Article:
Acta Scientific Biotechnology (ASBT)

Research Article Volume 1 Issue 4

Engineered Pseudomonas putida for Biosynthesis of Catechol from Lignin Derived Model Compounds and Biomass Hydrolysate

Priya Upadhyay1 and Arvind Lali1,2*

1DBT-ICT Centre for Energy Biosciences, Institute of Chemical Technology, Mumbai, Maharashtra, India
2Department of Chemical Engineering, Institute of Chemical Technology, Mumbai, Maharashtra, India

*Corresponding Author: Arvind Lali, DBT-ICT Centre for Energy Biosciences and Department of Chemical Engineering, Institute of Chemical Technology, Mumbai, Maharashtra, India.

Received: March 02, 2020; Published: March 14, 2020



  Catechol is one of the industrially relevant chemicals with myriad applications. Its production via chemical route suffers from several drawbacks the major being a non-green and non-selective route. Currently, bio-based products using biocatalyst are gaining attention due to the growing awareness about the environmental and health hazards over the use of petroleum derived feedstock. Lignocellulosic biomass serves as a promising sustainable and renewable feedstock wherein celluloses have found successful ways to a variety of fuel and biochemical molecules but concomitantly results in surplus lignin being produced. Lignin valorization is the demand of the current scenario to make the cellulosic bio-refineries viable. This task is complicated by complexity, heterogeneity and diversity of lignin structures posing limitations towards lignin valorization via chemical routes. There are several microorganisms that possess the ability to metabolize lignin monomers via their central metabolic pathways and this paves a way to synthesis of a number of products. Pseudomonas putida KT2440 is one such organism and was chosen for genetic manipulations for catechol biosynthesis using lignin derived model compounds and biomass hydrolysate stream comprising of various lignin fragments/monomers. Catechol production was engineered by diverting various lignin monomers and addressing the identified metabolic bottlenecks particularly vanillic acid accumulation towards catechol biosynthesis. The engineered strain could convert the model lignin monomers as well as monomers in the biomass hydrolysates to catechol and vanillic acid in more than 60% and 90% molar yields, respectively.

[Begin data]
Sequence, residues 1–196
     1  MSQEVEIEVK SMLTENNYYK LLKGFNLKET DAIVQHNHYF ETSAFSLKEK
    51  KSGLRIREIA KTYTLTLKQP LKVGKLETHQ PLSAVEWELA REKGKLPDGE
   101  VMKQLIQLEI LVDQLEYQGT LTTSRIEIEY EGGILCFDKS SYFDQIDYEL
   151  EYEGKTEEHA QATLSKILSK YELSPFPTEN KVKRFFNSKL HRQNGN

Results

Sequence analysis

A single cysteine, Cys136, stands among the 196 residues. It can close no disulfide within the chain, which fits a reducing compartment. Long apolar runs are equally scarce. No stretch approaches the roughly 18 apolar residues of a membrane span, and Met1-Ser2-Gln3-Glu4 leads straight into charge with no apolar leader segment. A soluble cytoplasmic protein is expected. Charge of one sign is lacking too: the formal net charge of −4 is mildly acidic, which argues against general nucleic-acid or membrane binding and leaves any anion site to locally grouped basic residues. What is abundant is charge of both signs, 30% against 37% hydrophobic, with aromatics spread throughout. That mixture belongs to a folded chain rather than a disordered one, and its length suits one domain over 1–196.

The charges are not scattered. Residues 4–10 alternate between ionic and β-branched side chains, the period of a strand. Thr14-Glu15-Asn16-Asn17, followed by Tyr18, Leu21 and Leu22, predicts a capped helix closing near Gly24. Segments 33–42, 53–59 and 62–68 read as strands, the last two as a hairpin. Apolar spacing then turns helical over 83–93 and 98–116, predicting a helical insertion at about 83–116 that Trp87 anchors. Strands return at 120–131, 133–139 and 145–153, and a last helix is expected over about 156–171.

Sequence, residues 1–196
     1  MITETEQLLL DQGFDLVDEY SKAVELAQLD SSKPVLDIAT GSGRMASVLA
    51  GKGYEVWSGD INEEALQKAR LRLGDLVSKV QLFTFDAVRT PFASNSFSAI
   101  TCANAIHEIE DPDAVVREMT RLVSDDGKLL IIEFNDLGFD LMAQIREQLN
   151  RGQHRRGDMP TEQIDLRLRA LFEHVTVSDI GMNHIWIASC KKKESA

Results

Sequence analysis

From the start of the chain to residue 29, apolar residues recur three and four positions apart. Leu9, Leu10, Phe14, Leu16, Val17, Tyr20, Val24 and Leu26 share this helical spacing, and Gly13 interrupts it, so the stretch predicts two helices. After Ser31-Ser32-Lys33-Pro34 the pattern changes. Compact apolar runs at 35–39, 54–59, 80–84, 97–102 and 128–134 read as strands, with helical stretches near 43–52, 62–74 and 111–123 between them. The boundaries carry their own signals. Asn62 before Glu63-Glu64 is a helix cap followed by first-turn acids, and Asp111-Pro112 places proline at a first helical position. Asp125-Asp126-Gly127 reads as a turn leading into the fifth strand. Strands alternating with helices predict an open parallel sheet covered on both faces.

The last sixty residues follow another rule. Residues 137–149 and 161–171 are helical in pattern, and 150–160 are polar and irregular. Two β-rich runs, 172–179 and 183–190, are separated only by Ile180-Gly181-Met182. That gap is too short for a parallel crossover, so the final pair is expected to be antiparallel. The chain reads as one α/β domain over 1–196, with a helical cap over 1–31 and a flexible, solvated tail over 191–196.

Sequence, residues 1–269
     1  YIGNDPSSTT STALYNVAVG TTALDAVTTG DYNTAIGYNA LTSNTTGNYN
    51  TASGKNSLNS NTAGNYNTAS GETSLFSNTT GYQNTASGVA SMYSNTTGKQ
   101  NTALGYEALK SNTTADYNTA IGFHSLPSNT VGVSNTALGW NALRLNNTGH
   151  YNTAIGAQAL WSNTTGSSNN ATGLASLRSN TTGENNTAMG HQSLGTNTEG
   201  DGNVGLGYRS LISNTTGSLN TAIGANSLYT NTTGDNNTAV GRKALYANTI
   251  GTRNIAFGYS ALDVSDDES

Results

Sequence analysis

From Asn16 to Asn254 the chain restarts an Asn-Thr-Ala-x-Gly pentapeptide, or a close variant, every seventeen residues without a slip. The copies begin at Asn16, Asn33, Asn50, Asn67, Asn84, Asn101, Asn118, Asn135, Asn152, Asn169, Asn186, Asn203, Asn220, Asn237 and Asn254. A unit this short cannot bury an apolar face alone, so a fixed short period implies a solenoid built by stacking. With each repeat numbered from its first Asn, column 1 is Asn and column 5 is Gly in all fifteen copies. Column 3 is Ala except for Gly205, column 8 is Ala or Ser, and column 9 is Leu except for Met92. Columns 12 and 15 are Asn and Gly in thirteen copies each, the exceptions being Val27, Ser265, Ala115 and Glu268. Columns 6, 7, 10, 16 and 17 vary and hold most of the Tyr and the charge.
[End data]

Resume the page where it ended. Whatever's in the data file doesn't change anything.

Keywords: Pseudomonas putida; Catechol; Lignin Valorization; Lignin Derived Model Compounds; Biomass Hydrolysates



  1. Fiege H., et al. “Phenol Derivatives”. Ullmann's Encyclopedia Of Industrial Chemistry (2000).
  2. Ryu J., et al. “Bio-inspired adhesive catechol-conjugated chitosan for biomedical applications: A mini review”. Acta Biomaterialia 27 (2015): 101-115.
  3. Li W., et al. “Benzene-Free Synthesis of Catechol : Interfacing Microbial and Chemical Catalysis”. Journal of the American Chemical Society 127.9 (2005): 2874-2882.
  4. Young J. “Catechol”. Journal of Chemical Education 82.1 (2005): 31.
  5. Yang L. “Green and efficient synthesis route of catechol from guaiacol”. Journal of Molecular Catalysis A: Chemical 368-369 (2013): 61-65.
  6. Ivanov D., et al. “New Way of Hydroquinone and Catechol Synthesis using Nitrous Oxide as Oxidant” Advance Synthesis and Catalysis 344.9 (2002): 986-995.
  7. Huang C., et al. “Synthesis of Catechols from Phenols via Pd-Catalyzed Silanol-Directed C-H Oxygenation’’. Journal of American Chemical Society 133.44 (2011): 17630-17633.
  8. Balderas-hernandez V., et al. “Catechol biosynthesis from glucose in Escherichia coli anthranilate-overproducer strains by heterologous expression of anthranilate 1,2-dioxygenase from Pseudomonas aeruginosa PAO1”. Microbial Cell Factories 13 (2014): 136.
  9. Kille L. “Biofuels, energy security, the environment and human health: Research roundup”. Journalist’s Resource (2014).
  10. Ragauskas A., et al. “Lignin valorization: Improving lignin processing in the biorefinery”. American Association for the Advancement of Science 344.6185 (2014): 1246843.